Epilogue and gear list
Trip Start Sep 02, 2011
15Trip End Sep 11, 2011
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It took time for Isle Royale to leave me. I dreamed of trees for several more nights. One morning I had a dream of standing above a crazy hard descent off the ridge, wondering how the heck I was going to do it. Then I realized I didn't have to because I wasn't on the island anymore! Whew!
My dark urine issue resolved itself right away. I'm assuming I was burning up my muscle tissue. Why my body didn't go for the fat is beyond me.
Isle Royale changed me. I lost five pounds (hopefully not all muscle). I also lost some of my self-consciousness and fear of people. The five pounds returned. I hope the anxiety doesn’t.
Will I go back? Maybe. At the very least, planning on it gives me a reason to go to the gym. There’s nothing like a goal to give you direction in life. Anyway, I need something to write about.
A note about cairns
My good friend Jan left a comment for me with a link to her own recent backpacking trip in the Presidentials. It was removed, we think because of the link in it: http://happening-here.blogspot.com/2011/07/saturday-scenes-and-scenery-hiking.html. When I looked at her photos, I was struck by the difference in cairns between our two trips. The cairns on her trail were huge structures, with quartz on top to make them easier to see in the fog. On the Minong, the cairns were often one rock sitting atop another, or sometimes just a single large stone. The trail on the Presidentials was 6,000 feet up. The highest point we hit was about 1,000. And Jan did it with a bad knee!
Backpack: Gregory Deva 70. Since this was my first backpacking trip, I don’t have anything to compare it to, but the Deva was pretty comfortable for a torture device. I thought the hip belt pockets could have been a little more generous, but that’s my only complaint. Oh, and offer more color options. Julie and I looked too much like twins in our matching packs. 5.75 pounds, so it’s on the heavy side. $289 at REI.
Tent: Mountain Hardware Lightpath 3. We chose a 3-person tent because we didn’t want to be all crammed together and we figured the extra weight would be worth it. It was. That tent was just right for two people and their food. I have no idea how three people, especially three big men, could possibly fit in there. Three of me would have been too much (in the tent or otherwise). 5.5 pounds, again not an ultra-light, but since Julie carried it I didn’t care. $150 from CampMor.com.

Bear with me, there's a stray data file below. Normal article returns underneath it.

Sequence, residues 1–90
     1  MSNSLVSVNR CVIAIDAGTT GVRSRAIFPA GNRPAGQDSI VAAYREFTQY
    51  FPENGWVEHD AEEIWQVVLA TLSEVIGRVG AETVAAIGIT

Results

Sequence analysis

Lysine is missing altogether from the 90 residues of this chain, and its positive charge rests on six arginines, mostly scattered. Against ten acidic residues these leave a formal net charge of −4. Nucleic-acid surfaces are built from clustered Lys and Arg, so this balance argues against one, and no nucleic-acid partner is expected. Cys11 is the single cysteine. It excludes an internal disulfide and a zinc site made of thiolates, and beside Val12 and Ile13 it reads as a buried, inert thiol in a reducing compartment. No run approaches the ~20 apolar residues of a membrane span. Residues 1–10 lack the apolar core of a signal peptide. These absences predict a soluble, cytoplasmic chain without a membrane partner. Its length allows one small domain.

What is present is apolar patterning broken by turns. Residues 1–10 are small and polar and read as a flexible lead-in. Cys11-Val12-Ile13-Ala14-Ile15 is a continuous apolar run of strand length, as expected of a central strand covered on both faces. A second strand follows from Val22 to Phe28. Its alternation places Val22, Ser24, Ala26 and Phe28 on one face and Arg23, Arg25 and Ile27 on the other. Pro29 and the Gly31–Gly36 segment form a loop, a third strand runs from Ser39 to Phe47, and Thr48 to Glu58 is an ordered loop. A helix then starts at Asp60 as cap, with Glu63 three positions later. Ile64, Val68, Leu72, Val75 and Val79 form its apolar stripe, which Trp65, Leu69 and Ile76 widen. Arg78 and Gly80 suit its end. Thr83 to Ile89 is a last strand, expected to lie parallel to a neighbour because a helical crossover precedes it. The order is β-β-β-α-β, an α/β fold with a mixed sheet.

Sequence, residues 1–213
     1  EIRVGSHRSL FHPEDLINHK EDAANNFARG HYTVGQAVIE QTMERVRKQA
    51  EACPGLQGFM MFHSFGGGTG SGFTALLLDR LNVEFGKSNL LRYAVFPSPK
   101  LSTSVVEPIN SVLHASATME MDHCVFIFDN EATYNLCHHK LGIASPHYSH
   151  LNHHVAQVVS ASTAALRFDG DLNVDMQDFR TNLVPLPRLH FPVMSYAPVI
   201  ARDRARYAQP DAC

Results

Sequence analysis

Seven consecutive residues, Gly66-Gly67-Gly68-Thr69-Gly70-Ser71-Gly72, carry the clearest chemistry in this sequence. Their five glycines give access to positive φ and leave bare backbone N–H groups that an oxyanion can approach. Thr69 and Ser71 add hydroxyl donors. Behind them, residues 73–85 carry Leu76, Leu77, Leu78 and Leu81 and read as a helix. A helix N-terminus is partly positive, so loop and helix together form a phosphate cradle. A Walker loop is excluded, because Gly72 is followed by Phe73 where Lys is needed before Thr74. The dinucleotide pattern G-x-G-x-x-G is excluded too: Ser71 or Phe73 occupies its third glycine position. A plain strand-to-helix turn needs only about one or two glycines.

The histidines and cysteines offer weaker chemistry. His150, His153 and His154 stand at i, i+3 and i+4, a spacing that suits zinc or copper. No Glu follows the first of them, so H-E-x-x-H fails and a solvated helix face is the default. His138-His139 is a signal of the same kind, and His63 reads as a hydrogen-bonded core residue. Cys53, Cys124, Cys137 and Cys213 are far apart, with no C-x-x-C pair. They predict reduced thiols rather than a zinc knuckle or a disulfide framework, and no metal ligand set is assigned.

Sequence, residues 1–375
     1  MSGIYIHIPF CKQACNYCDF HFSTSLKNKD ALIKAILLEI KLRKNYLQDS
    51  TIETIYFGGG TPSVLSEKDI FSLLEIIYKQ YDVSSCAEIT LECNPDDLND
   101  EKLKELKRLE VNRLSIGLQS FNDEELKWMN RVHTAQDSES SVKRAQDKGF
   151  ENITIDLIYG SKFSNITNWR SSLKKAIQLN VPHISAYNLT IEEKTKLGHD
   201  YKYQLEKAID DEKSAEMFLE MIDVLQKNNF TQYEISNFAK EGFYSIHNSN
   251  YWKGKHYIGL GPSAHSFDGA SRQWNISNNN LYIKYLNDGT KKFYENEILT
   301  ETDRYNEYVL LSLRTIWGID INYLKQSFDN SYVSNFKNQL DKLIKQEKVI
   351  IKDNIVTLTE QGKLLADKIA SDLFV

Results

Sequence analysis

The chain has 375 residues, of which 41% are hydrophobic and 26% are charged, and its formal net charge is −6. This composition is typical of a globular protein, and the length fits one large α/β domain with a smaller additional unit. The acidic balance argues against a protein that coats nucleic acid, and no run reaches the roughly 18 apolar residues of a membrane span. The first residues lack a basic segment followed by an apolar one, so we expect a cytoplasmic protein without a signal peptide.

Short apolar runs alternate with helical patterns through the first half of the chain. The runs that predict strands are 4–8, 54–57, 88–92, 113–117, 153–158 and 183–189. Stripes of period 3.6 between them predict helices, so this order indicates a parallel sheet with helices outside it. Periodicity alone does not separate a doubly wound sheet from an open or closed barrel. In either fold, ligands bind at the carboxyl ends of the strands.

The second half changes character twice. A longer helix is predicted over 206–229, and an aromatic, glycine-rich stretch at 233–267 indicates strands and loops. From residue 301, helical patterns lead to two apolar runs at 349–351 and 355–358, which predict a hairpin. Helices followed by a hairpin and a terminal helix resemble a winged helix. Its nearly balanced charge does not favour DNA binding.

Boots: I wore Keen Women’s Pyrenees. They have great toe space. No water ever got into them, though krish sometimes did. 1.5 pounds. $140 at REI. I also wore SuperFeet Green insoles.
Trekking poles: Leki Cressida Aergon SpeedLock, Women's. I got these thinking their adjustability would come in handy with all the ups and downs, but I never took the time to change their length. They worked very well for me. 1 pound. $93 at Onlineshoes.com (I know, a shoe store? But they had the best price.)
Water bottles: We had regular bike water bottles and also Platypus collapsible water bottles. Those are nice because you can hang them off your pack. They aren’t so nice when they get low and the nipple flops over into the dirt. I had the Platypus Big Zip SL hydration system on my back.
Water filter: Platypus GravityWorks. The gravity system is really easy to use and holds 4 liters. The filters are pricey, so I recommend frequent back flushing to keep your filter from dying an early death, like ours did. Mike told us that he and Hank just use a few drops of Clorox bleach to clean their water, but I don’t think that kills tapeworm eggs or larvae so I don’t recommend it if tapeworms are around (as they are at Isle Royale).
Clothing: Nylon wicking everything. One piece of clothing that came in very handy was a nylon bicycle beanie. It was small enough to keep in a pocket and I could put it on when my head got cold in the evenings and mornings.
Socks: I’m partial to the Wigwam brand. I had Wigwam light wool socks for the outer layer and REI brand liners.
Map: National Geographic 240 Isle Royale National Park Map. Water and tear resistant.
Sleeping Bag: Suisse Sport Adult Adventurer Mummy Ultra-Compactable. As already mentioned, it didn’t do well if the temperature dropped into or below the low forties. Otherwise, it was very light and compacted well. 2.9 pounds. $33 at amazon.com.
Pad: REI Lite-Core 1.5 Self Inflating Pad, short. Not thick enough for my aging hips. I didn’t mind the shortness, at first. By the sixth night, I was wishing I had a full-length pad. 1.13 pounds. I topped it with a Coleman foam pad that I cut down to match.
Cooking: We had the GSI MicroDualist cookset (1.1 pounds). It comes with a pot, two bowls, two cups (which look exactly like the bowls), and two foons (I don’t know what the difference between a foon and a spork is). We left the cups at home. All we used the pot for was to boil water to put into our Mountain House dinners. The cookset was light and compact (you store everything in the pot). We brought a pot holder, but didn’t need it.
Stove: MSR Whisperlite Internationale. Worked great. 11.5 ounces.
Food: Mountain House dehydrated stuff for dinner. The pasta primavera we had on one of our pre-island test runs tasted the best, but none of the other dinners were memorable. We also got some Just Veggies to add to our meals, but didn’t use that much of it. They had a strong flavor that tended to overwhelm whatever we added them to. You already know about the gorp and peanut butter. Ug.
Gear we didn’t use: compass, headlamps, rope, sewing kit, spare anything, rain gear. Several pounds of gorp and nuts. All that extra weight, for nothing. If only I'd had a crystal ball...